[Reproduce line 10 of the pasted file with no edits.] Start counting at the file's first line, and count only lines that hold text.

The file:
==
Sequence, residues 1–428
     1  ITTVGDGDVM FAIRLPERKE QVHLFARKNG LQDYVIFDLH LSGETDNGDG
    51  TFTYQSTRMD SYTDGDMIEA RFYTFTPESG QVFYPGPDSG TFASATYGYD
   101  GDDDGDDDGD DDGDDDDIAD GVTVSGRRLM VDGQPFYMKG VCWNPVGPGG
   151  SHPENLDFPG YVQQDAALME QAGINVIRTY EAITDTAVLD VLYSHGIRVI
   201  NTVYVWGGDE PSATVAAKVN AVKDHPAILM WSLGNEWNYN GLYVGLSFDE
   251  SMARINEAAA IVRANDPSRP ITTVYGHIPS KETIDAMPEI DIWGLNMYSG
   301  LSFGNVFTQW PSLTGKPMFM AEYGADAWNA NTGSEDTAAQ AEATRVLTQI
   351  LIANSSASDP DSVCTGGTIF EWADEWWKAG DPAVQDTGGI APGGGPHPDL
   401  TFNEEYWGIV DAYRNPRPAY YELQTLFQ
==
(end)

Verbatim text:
   401  TFNEEYWGIV DAYRNPRPAY YELQTLFQ